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ResourcesResearch IntegrityWhy research integrity isn’t just “somebody else’s problem” – LSTM Seminar Series (Webinar: Elizabeth Wager | October 2016)

Australasian Human Research Ethics Consultancy Services Pty Ltd (AHRECS)

Why research integrity isn’t just “somebody else’s problem” – LSTM Seminar Series (Webinar: Elizabeth Wager | October 2016)

Published/Released on October 13, 2016 | Posted by Admin on January 16, 2017 / , , , , , , ,
 


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“LSTM’s Seminar Series continued with a presentation to LSTM staff and students by Dr Liz Wager, Publications Consultant and Visiting Professor from the University of Split, School of Medicine. Dr Wager’s talk entitled: Why research integrity (RI) isn’t just ‘somebody else’s problem’.

Misconduct is common: 2% of academic researchers admitted misconduct in reporting and 14% were aware of misconduct by others, Dr Wager pointed out, quoting from a study by Fanelli et in the journal Plos One. However, not all editors are aware of the problems of redundant publication, plagiarism, image manipulation and falsified data-and certainly research usually shows editors believe it happens “but not in their journals”.

Interesting discussion about taking personal responsibility for our research

Industry is usually blamed, said Dr Wager, but this was an over simplification. View misconduct as a spectrum from little errors, poor reporting all the way to fraud that includes falsification, fabrication of data and plagiarism. Everyone focuses on the serious end of the spectrum, whilst those seen as minor infractions can have a more damaging cumulative effect in putting bad science into the public domain.

To illustrate this Dr Wager used examples of underpowered studies, publication bias and selective reporting. For underpowered studies, she examined animal studies, in which the underpowered use of animals (where too few are used), and poor study design can have an impact on the outcome. For publication bias, Dr Wager pointed out that the results of an estimated half of all clinical trials performed never get published. She poses that the wrong questions are being asked and that we should look at some of the reasons why researchers may go down the route of doing the wrong thing to begin with, such as pressure from funders, from departments and institutions. Selective reporting-where the primary outcome of trials is altered at publication in order to have statistically significant headline results-is also worryingly common.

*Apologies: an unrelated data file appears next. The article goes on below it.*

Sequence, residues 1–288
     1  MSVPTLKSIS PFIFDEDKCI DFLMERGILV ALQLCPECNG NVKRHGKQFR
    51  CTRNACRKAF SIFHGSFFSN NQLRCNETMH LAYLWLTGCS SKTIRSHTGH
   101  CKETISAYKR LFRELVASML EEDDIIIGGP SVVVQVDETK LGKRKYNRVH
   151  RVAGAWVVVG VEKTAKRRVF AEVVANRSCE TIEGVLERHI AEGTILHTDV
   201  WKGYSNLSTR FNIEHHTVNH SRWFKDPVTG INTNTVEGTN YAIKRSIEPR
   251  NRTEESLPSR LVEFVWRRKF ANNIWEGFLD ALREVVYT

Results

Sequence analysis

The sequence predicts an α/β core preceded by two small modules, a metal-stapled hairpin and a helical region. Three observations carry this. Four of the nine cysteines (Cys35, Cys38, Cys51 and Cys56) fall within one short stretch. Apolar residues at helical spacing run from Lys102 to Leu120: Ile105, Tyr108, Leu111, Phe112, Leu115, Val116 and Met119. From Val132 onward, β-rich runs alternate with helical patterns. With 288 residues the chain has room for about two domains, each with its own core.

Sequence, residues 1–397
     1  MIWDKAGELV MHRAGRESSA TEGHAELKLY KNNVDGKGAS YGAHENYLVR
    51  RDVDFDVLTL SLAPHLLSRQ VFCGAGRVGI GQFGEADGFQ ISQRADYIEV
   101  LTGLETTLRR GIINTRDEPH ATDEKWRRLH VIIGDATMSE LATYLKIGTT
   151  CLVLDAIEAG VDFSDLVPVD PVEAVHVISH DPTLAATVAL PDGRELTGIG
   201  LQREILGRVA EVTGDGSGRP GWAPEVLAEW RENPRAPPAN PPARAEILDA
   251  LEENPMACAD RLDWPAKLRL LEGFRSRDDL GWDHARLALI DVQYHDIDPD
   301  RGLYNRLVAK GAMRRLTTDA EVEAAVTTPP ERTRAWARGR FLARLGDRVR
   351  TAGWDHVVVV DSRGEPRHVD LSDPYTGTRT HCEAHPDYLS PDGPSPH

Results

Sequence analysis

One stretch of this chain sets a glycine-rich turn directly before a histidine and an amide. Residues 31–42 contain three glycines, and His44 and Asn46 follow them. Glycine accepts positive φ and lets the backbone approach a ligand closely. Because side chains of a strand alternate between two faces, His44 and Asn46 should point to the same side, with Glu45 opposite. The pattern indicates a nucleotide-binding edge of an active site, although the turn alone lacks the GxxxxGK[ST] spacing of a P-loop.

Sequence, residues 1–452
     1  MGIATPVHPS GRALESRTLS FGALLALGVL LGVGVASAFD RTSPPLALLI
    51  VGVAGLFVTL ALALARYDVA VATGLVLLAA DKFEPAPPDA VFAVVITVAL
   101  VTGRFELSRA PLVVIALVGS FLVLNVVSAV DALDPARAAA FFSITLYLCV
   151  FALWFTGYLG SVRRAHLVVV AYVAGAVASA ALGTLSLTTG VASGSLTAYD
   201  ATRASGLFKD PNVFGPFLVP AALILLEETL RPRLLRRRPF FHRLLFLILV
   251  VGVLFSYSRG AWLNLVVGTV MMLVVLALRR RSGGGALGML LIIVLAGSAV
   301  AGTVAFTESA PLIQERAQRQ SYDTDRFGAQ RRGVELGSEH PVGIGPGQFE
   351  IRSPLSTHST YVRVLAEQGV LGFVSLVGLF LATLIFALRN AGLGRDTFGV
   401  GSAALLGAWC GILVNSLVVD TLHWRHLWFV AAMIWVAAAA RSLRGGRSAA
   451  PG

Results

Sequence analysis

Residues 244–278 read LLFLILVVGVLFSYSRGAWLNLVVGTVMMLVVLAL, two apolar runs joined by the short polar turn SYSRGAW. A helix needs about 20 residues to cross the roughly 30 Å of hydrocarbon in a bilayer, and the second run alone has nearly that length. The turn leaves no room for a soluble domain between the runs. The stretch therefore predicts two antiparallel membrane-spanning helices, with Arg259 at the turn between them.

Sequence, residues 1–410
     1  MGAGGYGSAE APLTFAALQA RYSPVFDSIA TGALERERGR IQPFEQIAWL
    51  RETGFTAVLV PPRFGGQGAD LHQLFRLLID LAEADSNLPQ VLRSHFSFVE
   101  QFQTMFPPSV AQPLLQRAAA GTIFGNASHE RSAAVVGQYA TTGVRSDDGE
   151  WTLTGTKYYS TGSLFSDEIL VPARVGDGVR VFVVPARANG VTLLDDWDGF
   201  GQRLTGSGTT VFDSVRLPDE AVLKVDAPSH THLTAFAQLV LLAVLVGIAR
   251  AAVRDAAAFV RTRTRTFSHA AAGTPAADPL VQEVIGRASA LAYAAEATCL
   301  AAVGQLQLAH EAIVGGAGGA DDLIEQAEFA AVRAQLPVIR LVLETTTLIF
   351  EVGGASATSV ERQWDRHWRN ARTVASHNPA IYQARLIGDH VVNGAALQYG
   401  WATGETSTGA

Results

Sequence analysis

To conclude she calls for a change of culture where RI becomes everybody’s responsibility and that supervisors require training to ensure that responsibility is taken on an intuitional, departmental and individual level. Making some suggestions about how this may be achieved Dr Wager mentioned the role of the San Francisco Declaration on Research Assessment (DORA), to which a number of institutions and publications have signed up looking at a more effective way of assessing scientific impact rather than over reliance on journal’s impact factors.

Dr Wager, a frequent visitor to LSTM, then took a number of questions from the audience before hosting a workshop for staff alongside Professor Garner.”

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